The majority of users withdrew funds completely after receiving a transfer (see also Stuart and Cohen 2011). In this sample, some 34% (71) of those registered with a money transfer service reported holding a balance on their phone. The most common reason was safety (39%): by putting money in the phone “you can walk with the money and you don’t have it” (320/2) and hence this was not co-terminous with a place to ‘save’ in the sense of building up balances but was more related to being able to move around with funds (an e-wallet). These reasons are followed by having funds to send to others when needed (36%). If these responses are viewed alongside having funds for unexpected needs (9%) and financial flexibility (10%)10, this indicates a need for funds to be on hand to deal with the unexpected whether for oneself or others and that keeping funds in the phone is therefore a safe and easy way to do this and was supported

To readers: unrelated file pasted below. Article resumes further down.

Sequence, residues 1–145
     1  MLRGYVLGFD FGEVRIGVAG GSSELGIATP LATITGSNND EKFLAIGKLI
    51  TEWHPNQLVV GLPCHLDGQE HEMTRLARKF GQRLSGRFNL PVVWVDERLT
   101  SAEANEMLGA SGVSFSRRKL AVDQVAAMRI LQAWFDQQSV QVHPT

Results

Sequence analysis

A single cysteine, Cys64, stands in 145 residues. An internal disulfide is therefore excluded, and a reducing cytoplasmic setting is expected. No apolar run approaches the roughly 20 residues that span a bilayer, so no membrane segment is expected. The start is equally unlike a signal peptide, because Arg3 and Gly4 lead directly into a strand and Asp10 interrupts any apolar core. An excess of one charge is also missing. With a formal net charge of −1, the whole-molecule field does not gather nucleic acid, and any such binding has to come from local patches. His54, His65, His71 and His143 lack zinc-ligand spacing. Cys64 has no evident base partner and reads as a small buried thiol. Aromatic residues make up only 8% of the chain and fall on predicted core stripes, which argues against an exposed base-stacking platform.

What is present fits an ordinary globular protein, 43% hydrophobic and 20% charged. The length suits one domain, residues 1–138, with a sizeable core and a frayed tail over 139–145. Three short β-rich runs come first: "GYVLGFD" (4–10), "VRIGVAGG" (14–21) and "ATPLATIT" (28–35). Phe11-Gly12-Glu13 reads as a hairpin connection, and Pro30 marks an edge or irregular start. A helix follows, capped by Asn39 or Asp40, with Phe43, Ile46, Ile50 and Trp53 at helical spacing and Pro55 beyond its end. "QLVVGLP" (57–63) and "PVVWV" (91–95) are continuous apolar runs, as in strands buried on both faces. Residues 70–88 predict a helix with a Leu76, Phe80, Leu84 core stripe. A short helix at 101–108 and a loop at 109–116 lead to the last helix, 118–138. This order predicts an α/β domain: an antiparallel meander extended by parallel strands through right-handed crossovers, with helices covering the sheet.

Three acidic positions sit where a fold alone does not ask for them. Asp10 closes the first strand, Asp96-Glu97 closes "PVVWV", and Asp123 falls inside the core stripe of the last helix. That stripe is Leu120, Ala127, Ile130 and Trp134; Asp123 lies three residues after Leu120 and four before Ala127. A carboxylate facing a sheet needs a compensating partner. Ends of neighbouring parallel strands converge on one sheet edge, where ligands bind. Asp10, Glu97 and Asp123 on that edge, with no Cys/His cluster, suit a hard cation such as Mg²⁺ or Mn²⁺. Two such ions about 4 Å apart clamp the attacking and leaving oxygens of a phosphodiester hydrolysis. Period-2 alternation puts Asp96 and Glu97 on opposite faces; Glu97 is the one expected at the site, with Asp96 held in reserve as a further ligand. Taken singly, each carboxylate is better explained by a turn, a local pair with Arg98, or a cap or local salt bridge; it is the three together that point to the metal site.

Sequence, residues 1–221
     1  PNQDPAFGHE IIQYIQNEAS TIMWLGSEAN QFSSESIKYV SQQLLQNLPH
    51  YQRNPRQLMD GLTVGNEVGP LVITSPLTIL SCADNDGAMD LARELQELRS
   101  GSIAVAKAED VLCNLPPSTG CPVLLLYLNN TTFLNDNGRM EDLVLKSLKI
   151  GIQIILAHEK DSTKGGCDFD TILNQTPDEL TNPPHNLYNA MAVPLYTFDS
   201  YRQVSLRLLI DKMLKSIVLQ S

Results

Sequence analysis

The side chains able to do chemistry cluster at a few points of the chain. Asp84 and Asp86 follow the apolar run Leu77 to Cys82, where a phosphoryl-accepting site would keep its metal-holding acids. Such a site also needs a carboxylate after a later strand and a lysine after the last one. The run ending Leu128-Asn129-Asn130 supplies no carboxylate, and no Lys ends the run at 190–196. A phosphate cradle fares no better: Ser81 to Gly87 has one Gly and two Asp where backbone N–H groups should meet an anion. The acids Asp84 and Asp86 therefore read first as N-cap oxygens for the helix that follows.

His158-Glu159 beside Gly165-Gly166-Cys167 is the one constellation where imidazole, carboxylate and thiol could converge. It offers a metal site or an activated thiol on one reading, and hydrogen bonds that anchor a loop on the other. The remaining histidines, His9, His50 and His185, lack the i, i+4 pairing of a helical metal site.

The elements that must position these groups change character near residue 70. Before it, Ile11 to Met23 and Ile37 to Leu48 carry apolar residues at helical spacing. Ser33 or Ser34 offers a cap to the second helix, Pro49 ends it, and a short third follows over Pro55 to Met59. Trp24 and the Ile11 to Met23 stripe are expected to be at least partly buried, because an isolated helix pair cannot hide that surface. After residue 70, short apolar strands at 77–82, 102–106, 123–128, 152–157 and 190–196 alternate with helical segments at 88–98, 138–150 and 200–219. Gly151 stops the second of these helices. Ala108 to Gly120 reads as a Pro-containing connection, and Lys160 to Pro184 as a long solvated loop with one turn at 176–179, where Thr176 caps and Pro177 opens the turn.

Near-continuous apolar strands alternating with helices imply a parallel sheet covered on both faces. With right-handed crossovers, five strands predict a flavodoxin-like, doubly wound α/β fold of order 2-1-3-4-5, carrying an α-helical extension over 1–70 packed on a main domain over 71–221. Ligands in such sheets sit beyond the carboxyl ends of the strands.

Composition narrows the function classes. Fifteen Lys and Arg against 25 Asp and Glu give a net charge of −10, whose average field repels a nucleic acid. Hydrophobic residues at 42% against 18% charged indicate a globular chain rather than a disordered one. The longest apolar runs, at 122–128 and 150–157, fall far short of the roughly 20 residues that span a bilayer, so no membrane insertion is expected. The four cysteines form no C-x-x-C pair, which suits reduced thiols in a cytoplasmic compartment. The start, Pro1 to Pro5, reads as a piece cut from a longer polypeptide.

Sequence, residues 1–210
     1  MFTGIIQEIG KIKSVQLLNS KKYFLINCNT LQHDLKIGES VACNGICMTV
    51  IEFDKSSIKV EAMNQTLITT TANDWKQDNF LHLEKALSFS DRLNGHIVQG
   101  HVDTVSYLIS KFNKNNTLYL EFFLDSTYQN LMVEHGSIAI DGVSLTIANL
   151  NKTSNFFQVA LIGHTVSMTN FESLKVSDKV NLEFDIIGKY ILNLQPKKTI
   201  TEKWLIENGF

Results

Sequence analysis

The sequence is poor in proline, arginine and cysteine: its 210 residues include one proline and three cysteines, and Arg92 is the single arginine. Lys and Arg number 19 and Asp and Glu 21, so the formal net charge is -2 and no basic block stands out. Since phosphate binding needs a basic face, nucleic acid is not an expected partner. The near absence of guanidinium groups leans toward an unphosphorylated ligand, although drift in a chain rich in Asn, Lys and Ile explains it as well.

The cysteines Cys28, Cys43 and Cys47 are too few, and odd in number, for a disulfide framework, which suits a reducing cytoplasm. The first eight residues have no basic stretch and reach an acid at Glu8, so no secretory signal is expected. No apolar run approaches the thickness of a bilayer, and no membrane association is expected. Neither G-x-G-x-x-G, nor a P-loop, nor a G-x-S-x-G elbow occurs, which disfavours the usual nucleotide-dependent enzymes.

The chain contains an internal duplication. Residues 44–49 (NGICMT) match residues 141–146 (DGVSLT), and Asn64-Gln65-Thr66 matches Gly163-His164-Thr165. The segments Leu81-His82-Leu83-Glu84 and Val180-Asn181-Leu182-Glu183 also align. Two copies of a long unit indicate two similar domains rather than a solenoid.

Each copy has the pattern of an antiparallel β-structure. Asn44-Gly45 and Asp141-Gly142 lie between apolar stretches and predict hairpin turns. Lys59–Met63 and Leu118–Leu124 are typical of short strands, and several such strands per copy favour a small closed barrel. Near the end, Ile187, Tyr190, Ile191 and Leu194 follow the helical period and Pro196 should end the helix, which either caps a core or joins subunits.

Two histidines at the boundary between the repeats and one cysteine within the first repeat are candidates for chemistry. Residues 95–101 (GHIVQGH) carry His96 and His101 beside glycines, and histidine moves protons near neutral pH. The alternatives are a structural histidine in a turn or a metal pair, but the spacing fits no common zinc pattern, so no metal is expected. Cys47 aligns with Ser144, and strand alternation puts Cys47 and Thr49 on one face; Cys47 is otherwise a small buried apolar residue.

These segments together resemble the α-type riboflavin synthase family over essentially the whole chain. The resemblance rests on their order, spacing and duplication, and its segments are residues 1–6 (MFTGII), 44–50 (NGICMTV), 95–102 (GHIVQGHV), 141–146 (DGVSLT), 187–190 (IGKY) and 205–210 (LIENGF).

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by the qualitative interviews.11 In turn this underlines holding a reserve that was evident in local language terminology for saving discussed above, and hence indeed the ability to give ‘help’ or ‘assistance’. This evidence suggests that keeping money in an MMT account needs careful interpretation, especially where surveys ask about ‘saving’. Holding money for convenience, safety or an emergency reserve are valuable features that respondents feel the service offers but this does not necessarily suggest that they see it as a place in which it is useful for “keeping” or “pulling” money together.